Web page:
And then came Magic: The Gathering. Oh boy, that's a whole nother post.

On a related note, I just came to terms with the fact that I don't have to like the X-Men. It seems so obvious, but for more than two decades I've felt guilty for not enjoying Marvel's mutant titles, which everyone else fucking loves. No more. I'll try them and read the occasional good title (somehow, it's usually X-Factor), but the recent Avengers vs. X-Men crossover, which was so good, returning to the standard, one-note, anti-racist moralizing just a few issues later finally made me realize that I have never consistently liked the mutants. They've been telling the exact same story for 50 years. It was the Avengers that made that crossover so awesome, and the idea of Cyclops going bad made me stick with it for a few more issues, but blah. No more.

I feel so liberated!

Friday, February 8, 2013

January Reads

The Midnight Eye Files: The Amulet by William Meikle

Gone Girl by Gillian Flynn
I'm really happy to find one of these phenomenon books that actually deserves it (okay, I have some issues with the word "deserves," but you know what I mean). This is a solid thriller, but a FANTASTIC character piece with two distinct and enthralling voices.

The Busy Writer's One-Hour Plot by Marq McAlister
This is short, but I like the system it lays out for brainstorming plots. No theory here, all method, but I feel like I can use this to concretely apply what I've learned elsewhere.

20 Master Plots: And How to Build Them by Ronald Tobias
Good plot-categorization theory here.

Steal This Plot by June Noble
Once again, good plot-categorization theory here, with some extra material about how to legally pluck the plotline from any work. That might make it a slightly higher recommendation than 20 Master Plots.

Blockbuster Plots by Martha Alderson
A very complex, time-consuming system that never examines the big picture. No help to me as it simply systemizes what I already do unconsciously. Honestly, if you need so much help with scene and character AND plot, you probably shouldn't be writing fiction. If you're not good at making the atoms (scenes and character) and not good at binding them together (plot) then what the fuck are you good at? Anyway, if I had a problem with scene, I would have bought a book called "Blockbuster Scenes." I didn't, so I don't want to read a hundred pages about how to write one. Also, I hate being talked down to. Don't tell me when to make a cup of tea.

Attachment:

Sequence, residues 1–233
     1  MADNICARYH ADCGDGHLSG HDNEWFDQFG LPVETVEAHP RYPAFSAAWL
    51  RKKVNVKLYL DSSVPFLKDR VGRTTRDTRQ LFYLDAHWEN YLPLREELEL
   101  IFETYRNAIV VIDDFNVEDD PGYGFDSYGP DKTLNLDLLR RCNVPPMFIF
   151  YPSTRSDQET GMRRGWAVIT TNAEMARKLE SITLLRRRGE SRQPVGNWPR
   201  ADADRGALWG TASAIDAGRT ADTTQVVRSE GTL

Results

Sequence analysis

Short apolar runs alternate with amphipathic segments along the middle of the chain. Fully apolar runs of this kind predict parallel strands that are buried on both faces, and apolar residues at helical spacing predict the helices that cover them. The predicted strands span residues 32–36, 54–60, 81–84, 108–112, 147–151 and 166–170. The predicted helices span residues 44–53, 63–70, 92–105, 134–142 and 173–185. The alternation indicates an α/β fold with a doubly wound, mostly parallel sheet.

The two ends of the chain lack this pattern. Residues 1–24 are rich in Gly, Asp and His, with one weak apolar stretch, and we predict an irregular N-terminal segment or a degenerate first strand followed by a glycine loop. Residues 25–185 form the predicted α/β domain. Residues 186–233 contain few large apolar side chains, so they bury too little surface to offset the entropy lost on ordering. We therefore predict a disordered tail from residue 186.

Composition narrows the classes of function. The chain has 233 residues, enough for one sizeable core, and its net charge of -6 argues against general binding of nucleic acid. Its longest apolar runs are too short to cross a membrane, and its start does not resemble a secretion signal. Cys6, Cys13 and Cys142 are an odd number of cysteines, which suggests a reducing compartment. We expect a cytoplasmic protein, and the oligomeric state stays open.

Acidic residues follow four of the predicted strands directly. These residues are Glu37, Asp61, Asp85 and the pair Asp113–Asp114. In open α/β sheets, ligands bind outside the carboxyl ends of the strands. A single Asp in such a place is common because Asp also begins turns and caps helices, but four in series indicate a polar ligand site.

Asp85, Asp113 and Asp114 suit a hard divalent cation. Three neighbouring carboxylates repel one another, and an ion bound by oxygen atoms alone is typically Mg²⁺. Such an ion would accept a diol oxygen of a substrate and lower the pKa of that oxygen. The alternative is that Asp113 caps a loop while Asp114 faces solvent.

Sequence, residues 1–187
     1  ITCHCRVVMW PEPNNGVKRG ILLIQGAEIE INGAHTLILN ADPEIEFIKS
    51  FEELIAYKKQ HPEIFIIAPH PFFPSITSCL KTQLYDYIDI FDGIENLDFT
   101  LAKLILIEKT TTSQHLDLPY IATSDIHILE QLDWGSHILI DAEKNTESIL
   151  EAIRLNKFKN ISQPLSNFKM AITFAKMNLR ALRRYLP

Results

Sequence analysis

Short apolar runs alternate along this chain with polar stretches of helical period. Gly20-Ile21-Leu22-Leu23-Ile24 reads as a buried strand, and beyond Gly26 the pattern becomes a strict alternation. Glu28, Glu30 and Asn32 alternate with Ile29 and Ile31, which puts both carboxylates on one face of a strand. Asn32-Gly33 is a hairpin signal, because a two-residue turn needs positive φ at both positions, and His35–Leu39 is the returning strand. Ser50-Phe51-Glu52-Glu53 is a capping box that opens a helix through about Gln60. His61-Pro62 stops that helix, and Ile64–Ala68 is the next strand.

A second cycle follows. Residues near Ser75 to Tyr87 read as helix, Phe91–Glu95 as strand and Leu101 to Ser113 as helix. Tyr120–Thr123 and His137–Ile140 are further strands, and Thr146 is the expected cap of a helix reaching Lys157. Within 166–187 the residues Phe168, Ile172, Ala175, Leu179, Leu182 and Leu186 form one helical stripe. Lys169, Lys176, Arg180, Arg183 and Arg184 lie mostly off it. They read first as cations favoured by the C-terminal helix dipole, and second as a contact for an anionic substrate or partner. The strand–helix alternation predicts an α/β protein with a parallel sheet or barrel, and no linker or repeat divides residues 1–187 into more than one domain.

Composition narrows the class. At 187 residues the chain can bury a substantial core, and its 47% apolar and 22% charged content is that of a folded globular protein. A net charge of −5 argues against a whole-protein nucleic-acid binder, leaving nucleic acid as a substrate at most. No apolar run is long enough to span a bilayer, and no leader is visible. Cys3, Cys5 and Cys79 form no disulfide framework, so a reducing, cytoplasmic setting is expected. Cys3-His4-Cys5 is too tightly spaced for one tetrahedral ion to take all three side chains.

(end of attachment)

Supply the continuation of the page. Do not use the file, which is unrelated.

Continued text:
Clockwork Dolls by William Meikle
Now I'm hesitant to write the Laws of Attraction horror story I was mulling over.

The Orange Eats Creeps by Grace Krilanovich
I've been waiting for this to come out in e-format.
"The sun is setting. The hobo vampires are waking up, their quest for crank and blood is just beginning. Over the course of the frigid night they will roam the area surrounding the train stop looking for warm bodies to suck, for cough syrup to fuel a night of debauched sexual encounters with fellow vampires and mortals alike. They distribute sexually transmitted diseases like the daily newspaper but they will never succumb, they will never die, just aging into decrepit losers inside a teenage shell. They have a sense of duty to their habit and their climax--twin addictions that inform their every move. They are lusty, sad creatures, these Slutty Teenage Hobo Vampire Junkies."

16 Expert Lessons for Successfully Managing Your Personal Finances by FT Press

Tales of the Revolution by Seth Godin

How to Manage Your Money When You Don't Have Any by Erik Wecks
It's hard to get too worked up about personal finance books, but this one is awesome. Hits a very different note from the standard drone (if you read this genre, you know that ubiquitous, mind-numbing buzz). Highly recommended.

Tuesday, February 5, 2013

I'll Kill Anybody

I've been studying plotting. I have an unconscious ability to pace and plot works that are novella-length or less, but it has failed me a couple of times during the writing of novel-length works. I can't afford to write unusable tens of thousands of words. I don't have the time or the patience.

I've found some bad systems, such as one that simply makes conscious what I can do unconsciously, balancing each tiny section without looking at the big picture. Time consuming and--for me--worthless. But I've found some really good systems, ones that divide plots into themes and types and then give examples and branching options. What's funny is that so many of these require protagonist success (or at least strongly suggest it with warnings from the author that we not become so empowered by our artistic license that we forget the reader likes happy nice things). Boy, am I glad that I write horror.

I'll kill anybody. I don't care if you're an old lady, a little kid, or the goddamn protagonist. You're fair game. Even in horror movies, which have the forumulaic slasher genre, the survivor girl isn't guaranteed to survive the end credits, the final popout.

And that's the beauty of the genre. In any other, during a lapse in the action you can catch your breath and remind yourself that the good guy will win in the end. That safety net isn't there in horror fiction. The result is real tension.

Oh hey, did you know that The Hoard has been released in e-format everywhere? Here are a few links:
Barnes & Noble